• these threat-detection systems and mechanisms that reduce or inhibit them

  • are functioning incorrectly

  • and cause us to worry about the future and our safety in it.

  • But for many people, it goes into overdrive.

  • They experience persistent pervasive anxiety

  • that disrupts work, school and relationships

  • and leads them to avoid situations that may trigger symptoms.

  • Anxiety disorders are not at all uncommon.

  • Based on data from the World Mental Health Survey,

  • researchers estimate that about 16 percent of individuals

  • currently have or have had an anxiety disorder.

  • These include social anxiety disorder,

  • panic disorder, agoraphobia and phobias.

  • Studies have shown that people with anxiety disorders

  • don't just have a different way of reacting to stress.

  • There may be actual differences in how their brain is working.

  • One model describes possible mix-ups

  • in the connections between the amygdala and other parts of the brain.

  • The pathways that signal anxiety become stronger.

  • And the more anxiety you have, the stronger the pathways become,

  • and it becomes a vicious cycle.

  • The good news is there's treatment for anxiety,

  • and that you don't have to suffer.

  • Remember, this isn't about weakness.

  • It's about changing brain patterns,

  • and research shows that our brains

  • have the ability to reorganize and form new connections

  • all throughout our lives.

  • A good first step is to do the basics.

  • Eat a balanced diet,

  • exercise regularly

  • and get plenty of sleep,

  • as your mind is part of your body.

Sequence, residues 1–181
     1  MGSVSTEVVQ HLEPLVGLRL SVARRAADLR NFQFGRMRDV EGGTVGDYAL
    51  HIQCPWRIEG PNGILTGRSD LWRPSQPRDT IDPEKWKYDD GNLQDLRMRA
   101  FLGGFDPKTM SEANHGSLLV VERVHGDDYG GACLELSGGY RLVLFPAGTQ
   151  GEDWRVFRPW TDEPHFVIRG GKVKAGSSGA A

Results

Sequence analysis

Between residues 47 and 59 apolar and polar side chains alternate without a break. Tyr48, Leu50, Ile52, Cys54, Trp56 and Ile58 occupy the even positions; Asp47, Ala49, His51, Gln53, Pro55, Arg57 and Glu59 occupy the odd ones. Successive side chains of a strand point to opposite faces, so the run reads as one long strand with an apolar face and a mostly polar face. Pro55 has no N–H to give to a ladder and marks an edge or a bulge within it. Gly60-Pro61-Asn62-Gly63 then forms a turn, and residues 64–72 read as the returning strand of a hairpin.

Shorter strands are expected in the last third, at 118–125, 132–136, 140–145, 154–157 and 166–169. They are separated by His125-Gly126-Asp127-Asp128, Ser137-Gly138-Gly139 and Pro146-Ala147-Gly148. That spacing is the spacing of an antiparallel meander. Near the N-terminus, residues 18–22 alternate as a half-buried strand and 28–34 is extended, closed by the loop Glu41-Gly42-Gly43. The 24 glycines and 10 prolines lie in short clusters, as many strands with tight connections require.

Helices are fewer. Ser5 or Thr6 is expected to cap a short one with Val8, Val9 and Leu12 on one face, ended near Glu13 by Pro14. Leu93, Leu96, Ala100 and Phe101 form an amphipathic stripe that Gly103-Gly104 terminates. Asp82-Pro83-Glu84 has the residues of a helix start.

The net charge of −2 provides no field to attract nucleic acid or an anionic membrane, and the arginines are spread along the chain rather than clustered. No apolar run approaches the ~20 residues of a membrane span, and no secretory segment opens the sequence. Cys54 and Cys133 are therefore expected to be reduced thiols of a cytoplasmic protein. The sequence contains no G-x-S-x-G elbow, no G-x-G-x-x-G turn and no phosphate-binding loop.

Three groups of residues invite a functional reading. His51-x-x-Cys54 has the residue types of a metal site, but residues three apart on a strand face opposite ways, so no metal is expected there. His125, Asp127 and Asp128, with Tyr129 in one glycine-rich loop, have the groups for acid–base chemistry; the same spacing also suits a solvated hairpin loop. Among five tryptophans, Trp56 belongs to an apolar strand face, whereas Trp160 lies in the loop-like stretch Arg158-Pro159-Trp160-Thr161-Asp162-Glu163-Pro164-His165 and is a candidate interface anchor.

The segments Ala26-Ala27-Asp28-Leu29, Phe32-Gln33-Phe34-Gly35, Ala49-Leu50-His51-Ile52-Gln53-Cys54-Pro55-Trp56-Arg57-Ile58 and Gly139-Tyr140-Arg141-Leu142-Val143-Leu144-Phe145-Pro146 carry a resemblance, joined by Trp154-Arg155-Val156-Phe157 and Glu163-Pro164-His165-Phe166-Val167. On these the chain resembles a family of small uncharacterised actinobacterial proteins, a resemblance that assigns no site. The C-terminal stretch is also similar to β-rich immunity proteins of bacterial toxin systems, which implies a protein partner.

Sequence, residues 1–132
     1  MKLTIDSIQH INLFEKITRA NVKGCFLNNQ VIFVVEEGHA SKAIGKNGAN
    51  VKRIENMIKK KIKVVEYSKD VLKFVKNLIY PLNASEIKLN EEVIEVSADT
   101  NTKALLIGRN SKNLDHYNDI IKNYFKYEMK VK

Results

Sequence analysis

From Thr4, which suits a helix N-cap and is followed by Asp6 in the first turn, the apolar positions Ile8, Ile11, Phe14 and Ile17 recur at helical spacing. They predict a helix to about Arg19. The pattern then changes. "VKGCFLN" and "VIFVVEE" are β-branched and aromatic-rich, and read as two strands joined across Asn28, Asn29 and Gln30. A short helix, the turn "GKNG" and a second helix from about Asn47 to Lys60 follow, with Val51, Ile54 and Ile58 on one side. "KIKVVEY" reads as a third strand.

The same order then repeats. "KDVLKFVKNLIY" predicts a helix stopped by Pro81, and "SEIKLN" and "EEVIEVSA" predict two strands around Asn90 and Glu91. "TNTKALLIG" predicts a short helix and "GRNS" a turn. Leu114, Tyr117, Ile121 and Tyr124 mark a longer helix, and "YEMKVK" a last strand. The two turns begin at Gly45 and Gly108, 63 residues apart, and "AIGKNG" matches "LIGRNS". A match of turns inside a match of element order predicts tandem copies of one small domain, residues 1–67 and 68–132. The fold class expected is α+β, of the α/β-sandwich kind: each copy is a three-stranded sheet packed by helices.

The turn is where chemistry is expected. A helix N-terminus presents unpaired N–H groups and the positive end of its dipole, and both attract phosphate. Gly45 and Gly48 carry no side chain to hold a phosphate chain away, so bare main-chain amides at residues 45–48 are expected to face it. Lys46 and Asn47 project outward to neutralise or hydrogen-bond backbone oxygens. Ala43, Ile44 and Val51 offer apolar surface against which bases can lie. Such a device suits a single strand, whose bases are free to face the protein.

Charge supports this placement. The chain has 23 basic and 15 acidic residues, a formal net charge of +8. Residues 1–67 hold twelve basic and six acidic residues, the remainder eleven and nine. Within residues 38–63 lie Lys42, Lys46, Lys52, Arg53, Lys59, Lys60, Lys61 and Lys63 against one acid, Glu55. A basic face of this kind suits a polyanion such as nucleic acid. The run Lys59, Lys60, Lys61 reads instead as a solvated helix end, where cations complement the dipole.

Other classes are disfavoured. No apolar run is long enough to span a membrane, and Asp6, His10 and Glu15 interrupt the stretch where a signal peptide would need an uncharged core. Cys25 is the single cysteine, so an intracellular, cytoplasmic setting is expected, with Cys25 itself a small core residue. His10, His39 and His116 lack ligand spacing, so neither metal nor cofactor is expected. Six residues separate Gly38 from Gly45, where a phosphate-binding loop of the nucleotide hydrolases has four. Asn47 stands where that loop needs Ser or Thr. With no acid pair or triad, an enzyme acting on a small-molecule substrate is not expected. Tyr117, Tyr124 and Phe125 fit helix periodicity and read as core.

• It might also help to try meditation.

  • Instead of our heart rate rising and our body tensing,

  • with mindfulness and breathing,

  • we can slow down the fight-or-flight response

  • and improve how we feel in the moment.

  • Cognitive behavioral therapy, a form of talk therapy,

  • can also be fantastic.

  • In it, you learn to identify upsetting thoughts

  • and determine whether they're realistic.

  • Over time, cognitive behavioral therapy can rebuild those neural pathways

  • that tamp down the anxiety response.

  • Medication can also give relief,

  • in both the short-term and the long-term.

  • In the short-term, anti-anxiety drugs

  • can down-regulate the threat-detection mechanisms

  • that are going into overdrive.

  • Studies have shown that both long-term medications

  • and cognitive behavioral therapy

  • can reduce that overreactivity of the amygdala

  • we see an anxiety disorders.

  • High blood pressure and diabetes,

  • they can be treated or managed over time.

  • And the same is true for an anxiety disorder too.

Transcriber:

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B1 US TED anxiety amygdala response disorder therapy

What's normal anxiety -- and what's an anxiety disorder? | Body Stuff with Dr. Jen Gunter

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    たらこ posted on 2022/02/17